In the past when this has happened (neg equity) a persons financial performance position changed also for a merrid of reasons and that is when the banks move in – History Repeating.

    If you are less than 35 yrs old the likiehood of you experiencing this in the past would be slim, heed the roar of the distant drums

    [cap][cap][cap]

    Profile photo of HousesOnlyHousesOnly
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    I am sure there are quite a few young guns on this forum that are in negative equity positions right now. Like someone said in another post, “when the guy shining your shoes claims to be an expert on the stock market it is time to run”. Maybe on this forum the slogan should read, “when the kids still at school claim to be experts on the property market it is time to run”!

    Profile photo of Nat RNat R
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    Quote: “Nat, the bank will not forclose a loan as long as the person/persons keep up their repayments.?

    …From memory I think that is what I said upfront.

    If somebody defaults then the bank has every right to step in…that is a world away from the original incorrect suggestion that the bank can call up at tany time and force a sale.

    BTW I’m over 35, I’m not in a negative equity position, I bought all my houses at the darkest hour and have done well from them.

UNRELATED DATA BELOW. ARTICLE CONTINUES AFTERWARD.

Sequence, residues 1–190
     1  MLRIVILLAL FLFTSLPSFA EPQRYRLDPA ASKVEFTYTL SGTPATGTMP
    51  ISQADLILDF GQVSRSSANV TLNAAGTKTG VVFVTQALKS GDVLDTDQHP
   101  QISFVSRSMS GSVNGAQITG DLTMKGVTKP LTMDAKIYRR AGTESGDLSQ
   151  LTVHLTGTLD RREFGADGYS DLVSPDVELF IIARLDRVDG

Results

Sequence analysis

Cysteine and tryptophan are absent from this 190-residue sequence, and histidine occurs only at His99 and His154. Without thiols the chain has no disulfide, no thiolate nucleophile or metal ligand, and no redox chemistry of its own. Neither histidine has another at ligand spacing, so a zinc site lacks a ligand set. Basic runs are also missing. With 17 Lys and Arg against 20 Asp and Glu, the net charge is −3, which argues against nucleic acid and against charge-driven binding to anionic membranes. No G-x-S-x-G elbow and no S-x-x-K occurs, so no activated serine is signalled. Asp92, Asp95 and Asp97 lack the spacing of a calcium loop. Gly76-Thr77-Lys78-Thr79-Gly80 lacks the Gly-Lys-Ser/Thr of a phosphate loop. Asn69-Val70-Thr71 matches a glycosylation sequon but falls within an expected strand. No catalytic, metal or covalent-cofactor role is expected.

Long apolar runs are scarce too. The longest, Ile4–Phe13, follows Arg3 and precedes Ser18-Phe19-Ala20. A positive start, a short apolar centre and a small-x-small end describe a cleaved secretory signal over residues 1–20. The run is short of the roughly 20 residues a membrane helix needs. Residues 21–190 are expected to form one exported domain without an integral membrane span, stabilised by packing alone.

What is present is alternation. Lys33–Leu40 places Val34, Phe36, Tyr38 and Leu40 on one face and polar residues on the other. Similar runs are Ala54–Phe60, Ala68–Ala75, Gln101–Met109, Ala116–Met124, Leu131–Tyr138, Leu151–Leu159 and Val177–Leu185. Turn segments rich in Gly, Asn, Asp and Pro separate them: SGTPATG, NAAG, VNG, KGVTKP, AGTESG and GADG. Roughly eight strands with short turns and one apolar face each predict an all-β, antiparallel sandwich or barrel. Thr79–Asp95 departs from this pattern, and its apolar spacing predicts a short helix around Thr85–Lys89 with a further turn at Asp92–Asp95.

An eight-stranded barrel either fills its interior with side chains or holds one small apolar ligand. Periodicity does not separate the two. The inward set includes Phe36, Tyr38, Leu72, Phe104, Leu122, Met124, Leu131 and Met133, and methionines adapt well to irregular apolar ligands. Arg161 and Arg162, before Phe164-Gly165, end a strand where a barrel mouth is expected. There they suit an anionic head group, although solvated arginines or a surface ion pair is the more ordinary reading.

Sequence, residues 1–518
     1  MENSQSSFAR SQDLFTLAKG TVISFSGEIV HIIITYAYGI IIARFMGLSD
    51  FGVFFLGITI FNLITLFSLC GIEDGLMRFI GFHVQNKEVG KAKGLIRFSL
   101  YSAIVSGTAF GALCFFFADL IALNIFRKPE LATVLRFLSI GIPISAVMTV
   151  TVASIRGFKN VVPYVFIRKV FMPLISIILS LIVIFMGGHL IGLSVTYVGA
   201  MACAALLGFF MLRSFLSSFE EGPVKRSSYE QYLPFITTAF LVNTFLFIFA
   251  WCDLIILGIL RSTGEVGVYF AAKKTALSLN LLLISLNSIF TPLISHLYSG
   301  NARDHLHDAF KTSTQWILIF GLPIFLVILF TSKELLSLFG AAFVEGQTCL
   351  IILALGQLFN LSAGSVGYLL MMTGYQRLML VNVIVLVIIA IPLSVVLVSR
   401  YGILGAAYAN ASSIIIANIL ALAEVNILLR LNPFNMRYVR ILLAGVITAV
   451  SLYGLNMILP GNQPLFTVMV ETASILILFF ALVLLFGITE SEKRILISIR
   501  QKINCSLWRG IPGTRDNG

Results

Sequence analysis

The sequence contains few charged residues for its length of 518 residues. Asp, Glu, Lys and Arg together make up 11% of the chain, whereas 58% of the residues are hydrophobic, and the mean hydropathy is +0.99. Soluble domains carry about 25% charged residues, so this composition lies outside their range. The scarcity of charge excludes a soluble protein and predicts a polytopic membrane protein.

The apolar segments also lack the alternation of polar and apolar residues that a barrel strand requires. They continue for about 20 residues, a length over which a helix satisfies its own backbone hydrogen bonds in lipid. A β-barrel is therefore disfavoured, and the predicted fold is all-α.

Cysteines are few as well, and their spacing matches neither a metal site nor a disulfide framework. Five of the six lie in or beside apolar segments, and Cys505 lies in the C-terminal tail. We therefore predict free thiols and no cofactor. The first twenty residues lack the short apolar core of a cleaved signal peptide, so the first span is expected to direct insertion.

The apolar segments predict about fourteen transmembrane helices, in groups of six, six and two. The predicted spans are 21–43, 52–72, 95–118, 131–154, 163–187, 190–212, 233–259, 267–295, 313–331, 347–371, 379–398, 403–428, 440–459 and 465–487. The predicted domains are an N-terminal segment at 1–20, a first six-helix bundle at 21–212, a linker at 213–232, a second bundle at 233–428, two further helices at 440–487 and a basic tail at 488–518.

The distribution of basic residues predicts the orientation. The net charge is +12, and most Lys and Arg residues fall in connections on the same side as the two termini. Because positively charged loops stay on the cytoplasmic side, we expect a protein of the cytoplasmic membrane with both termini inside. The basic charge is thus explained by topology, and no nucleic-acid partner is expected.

I’m not a mortgage broker.

    Profile photo of IbuycashflowIbuycashflow
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    Quote: He told us that many loans written today, have a clause that allows the lender to trigger a mortgage sale if the equity/debt ratio shifts too much.

    Nat R, you said this was fiction. I for one completely refinanced my commercial portfolio late last year to provide more flexibility and to lock in some low interest rates. The bank stipulated in the loan agreement that my total borrowings could not exceed 60% of total assets.

    If you get the opportinity to read a book titled “Lost Property” by Olly Newland I suggest you do.

    UCCC – uniform consumer credit code…no lender can move in a sell a property whilst the borrower is still fullfilling thier obligations to pay and is not in default or arrears.

    I think you might find that investment and commercial finance are classed as business loans and not consumer credit. It’s a different ball game.

    While I believe the banks will exercise a degree of caution regarding any foreclosure the clauses do exist solely for their protection and can be used at their discretion

    Cheers
    Jeff